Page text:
in Suriname strive to preserve origins
By: Santo Koesoebjono
The Jakarta Post, March 14, 1999
PARAMARIBO (JP): The sound
of the gamelan music was alluring on a sultry evening in Mariënburg
in a rural area some 20km east of Suriname’s capital.
There was a full
moon. Scores of descendants of Javanese indentured laborers had come
to attend a wayang kulit (shadow puppet) performance.
The festivity was part
of the tradition called bersih desa (cleaning the village) held
after the fasting month. The majority of the audience were the elderly,
whose emotional attachment to their culture of origin is stronger than
that of their children and grandchildren.
The performance took
place in the illuminated open hall in the home of a Javanese family.
People sat on floor mats or chairs, facing the grouped leather puppets
neatly arranged on banana trunks. They watched the show from behind
the dalang (puppet master) and gamelan (musical instruments)
On the other side of
the screen a number of women played cards for money. Others watched
television. Children played under the street lamp outside. The hostess
putting on this traditional event offered all the guests a meal comprising
a plate of rice with three different dishes, dessert and soft drinks.
In the meantime, the gamelan continued playing and the pesinden
(female singers) singing and smoking before the wayang performance
started at ten o’clock.
The puppet master was
dressed in traditional Javanese costume. The other six male gamelan
players wore a combination of Javanese and western dress and the
singers the usual Javanese kebaya dress.
During the entire performance
that lasted until three o’clock in the morning, the puppet master told
the story in high Javanese. The dalang must be one of the very
few people who speak high Javanese as most Javanese in Suriname speak
the middle and lower level varieties.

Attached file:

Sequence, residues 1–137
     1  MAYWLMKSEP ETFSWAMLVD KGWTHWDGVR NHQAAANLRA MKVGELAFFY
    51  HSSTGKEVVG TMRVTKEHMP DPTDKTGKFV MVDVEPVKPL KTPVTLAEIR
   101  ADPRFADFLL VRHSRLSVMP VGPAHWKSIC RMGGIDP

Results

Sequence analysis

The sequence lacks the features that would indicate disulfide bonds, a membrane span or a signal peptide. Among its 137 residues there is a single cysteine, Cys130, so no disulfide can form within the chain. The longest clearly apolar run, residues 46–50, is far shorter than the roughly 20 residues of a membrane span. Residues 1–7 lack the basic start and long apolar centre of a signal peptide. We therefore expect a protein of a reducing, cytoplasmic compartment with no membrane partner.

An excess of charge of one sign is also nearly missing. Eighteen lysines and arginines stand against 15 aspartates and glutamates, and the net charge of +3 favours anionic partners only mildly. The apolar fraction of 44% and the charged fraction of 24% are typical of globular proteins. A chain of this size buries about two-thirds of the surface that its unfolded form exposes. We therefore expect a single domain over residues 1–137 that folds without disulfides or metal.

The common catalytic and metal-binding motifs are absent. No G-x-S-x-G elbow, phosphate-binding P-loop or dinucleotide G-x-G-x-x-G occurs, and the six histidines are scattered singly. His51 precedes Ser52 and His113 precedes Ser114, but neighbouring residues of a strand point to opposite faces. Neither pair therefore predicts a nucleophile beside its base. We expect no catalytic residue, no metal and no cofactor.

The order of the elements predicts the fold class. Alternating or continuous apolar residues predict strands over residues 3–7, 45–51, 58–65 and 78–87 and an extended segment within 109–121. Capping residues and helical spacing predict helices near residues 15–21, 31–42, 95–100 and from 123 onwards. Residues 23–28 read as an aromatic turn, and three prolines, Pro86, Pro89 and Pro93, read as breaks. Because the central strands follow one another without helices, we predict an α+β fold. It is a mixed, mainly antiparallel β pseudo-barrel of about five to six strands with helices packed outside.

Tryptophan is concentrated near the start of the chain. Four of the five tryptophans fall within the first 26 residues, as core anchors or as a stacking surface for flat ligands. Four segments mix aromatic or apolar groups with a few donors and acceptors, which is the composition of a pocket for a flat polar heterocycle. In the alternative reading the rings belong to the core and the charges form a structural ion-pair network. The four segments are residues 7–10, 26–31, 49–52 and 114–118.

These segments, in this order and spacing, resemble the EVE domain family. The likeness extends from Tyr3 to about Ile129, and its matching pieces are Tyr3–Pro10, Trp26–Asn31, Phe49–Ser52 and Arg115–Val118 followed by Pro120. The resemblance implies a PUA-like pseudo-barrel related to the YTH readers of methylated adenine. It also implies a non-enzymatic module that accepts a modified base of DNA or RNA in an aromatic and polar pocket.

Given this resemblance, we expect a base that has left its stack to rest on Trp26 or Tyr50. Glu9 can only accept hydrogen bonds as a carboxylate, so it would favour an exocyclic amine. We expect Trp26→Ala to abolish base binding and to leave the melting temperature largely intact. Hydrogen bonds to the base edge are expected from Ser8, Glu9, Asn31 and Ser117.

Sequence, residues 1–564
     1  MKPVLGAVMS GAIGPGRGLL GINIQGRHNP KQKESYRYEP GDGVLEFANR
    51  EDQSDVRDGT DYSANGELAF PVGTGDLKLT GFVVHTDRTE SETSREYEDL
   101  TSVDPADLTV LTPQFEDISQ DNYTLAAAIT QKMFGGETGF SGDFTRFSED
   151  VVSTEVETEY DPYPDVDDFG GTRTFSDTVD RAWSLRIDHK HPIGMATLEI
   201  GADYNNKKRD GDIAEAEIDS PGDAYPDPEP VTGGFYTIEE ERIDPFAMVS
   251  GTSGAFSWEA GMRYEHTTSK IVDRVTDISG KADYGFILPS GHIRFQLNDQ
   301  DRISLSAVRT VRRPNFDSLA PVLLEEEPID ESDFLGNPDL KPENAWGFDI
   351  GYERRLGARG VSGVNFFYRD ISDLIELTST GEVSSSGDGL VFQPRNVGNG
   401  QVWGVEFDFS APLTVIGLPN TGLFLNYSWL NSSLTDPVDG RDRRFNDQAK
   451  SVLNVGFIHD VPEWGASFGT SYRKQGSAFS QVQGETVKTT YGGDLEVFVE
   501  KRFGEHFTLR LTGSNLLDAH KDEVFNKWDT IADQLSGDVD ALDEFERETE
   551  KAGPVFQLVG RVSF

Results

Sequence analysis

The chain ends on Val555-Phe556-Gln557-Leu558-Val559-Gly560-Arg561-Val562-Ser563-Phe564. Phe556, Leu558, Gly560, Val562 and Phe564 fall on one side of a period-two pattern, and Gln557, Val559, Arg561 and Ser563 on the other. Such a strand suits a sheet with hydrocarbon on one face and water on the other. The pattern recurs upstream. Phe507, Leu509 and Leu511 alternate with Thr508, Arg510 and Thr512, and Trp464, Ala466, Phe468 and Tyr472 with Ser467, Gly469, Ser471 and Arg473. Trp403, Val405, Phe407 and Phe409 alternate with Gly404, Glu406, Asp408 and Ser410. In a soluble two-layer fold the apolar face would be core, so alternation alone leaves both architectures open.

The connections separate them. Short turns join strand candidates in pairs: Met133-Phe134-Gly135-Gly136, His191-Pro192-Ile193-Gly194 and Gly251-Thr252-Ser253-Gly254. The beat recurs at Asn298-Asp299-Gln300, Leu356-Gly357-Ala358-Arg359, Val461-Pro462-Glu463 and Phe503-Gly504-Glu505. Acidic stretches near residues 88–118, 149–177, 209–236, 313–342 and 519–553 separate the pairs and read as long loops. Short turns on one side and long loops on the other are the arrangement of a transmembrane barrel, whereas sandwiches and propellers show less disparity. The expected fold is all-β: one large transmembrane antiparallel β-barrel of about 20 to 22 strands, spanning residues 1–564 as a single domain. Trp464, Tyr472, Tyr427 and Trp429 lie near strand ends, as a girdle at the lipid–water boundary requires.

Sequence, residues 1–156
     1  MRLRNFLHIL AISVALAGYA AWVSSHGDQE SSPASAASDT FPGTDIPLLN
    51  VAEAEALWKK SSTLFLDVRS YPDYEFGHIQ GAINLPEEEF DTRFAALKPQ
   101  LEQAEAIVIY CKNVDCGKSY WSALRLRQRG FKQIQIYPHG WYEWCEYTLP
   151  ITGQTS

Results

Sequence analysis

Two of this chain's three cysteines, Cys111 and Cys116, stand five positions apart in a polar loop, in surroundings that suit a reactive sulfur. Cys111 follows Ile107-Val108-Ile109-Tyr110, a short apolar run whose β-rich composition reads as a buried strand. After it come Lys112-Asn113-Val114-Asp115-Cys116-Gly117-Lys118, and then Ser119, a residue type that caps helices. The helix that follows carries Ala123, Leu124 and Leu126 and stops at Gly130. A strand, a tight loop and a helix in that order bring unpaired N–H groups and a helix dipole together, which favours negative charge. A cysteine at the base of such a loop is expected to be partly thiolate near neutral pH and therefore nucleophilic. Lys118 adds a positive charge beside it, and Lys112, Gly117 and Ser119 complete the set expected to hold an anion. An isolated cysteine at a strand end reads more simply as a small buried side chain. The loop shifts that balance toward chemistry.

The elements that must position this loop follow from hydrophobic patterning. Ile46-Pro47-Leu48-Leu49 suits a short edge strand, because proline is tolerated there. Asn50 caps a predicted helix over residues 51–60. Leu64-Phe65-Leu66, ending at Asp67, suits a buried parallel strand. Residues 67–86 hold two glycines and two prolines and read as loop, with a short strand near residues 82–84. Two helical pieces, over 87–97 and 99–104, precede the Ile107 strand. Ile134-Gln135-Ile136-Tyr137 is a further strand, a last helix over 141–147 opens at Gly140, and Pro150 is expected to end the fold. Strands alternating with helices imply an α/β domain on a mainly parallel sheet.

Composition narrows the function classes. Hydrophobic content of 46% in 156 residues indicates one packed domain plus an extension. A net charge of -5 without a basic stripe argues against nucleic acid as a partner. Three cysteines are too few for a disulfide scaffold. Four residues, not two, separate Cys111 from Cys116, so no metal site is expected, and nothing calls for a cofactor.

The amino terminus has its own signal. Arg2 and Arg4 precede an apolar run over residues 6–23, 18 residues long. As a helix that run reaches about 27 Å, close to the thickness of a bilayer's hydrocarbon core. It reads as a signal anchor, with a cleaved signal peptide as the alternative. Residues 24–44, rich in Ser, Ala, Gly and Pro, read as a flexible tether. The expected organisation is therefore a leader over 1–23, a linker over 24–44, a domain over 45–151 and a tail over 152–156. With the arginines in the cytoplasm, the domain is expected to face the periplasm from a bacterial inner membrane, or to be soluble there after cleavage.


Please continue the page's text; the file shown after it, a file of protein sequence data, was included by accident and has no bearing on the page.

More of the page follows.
A friend in his 30s said
that he did not understand what the dalang was saying.
"In the past the
wayang performance lasted for almost twenty four hours," explained
the organizer "but it would be too strenuous nowadays".
The Javanese tradition
as practiced in Suriname, a country four times the size of West Java
located in northeast South America has developed along its own lines.
These traditions were passed
down by the first generation Javanese that migrated to Suriname between
1890 and 1939. The stories and knowledge of shadow puppetry and gamelan
as well as other expressions of tradition such as jaran kepang
("horse dancing") and tayuban (courtship dance),
are passed from one generation to another.
Because the cultural heritage passed through tradition,
various aspects’ have become blurred and missing from the original
and new interpretations have arisen in the course of time. The Interpretations
of traditions and the use of words vary by community, reflecting differences
in ancestral places of origin and the formal practice of Islam.
Anthropologist Dew notes in his book The Difficult Flowering
of Suriname that the practice of traditions such as slametan
(thanksgiving), tayuban and other ceremonies has divided
the reformist and traditionalist Javanese Muslims. A third generation
descendant says that the reformiSfu tend to practice Javanese mysticism
(kejawen) that has become part of the practice of Islam.
Lack of equipment and